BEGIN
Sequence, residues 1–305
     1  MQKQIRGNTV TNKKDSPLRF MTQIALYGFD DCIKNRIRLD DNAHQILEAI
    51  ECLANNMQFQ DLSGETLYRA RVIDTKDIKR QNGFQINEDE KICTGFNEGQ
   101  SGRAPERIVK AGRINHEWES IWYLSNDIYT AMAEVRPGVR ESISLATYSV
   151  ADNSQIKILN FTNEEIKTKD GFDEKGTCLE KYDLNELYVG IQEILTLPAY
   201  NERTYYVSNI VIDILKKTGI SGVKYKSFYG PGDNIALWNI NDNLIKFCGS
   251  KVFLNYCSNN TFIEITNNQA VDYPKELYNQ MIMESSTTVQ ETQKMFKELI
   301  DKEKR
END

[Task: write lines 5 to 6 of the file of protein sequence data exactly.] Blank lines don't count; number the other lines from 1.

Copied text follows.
   151  ADNSQIKILN FTNEEIKTKD GFDEKGTCLE KYDLNELYVG IQEILTLPAY
   201  NERTYYVSNI VIDILKKTGI SGVKYKSFYG PGDNIALWNI NDNLIKFCGS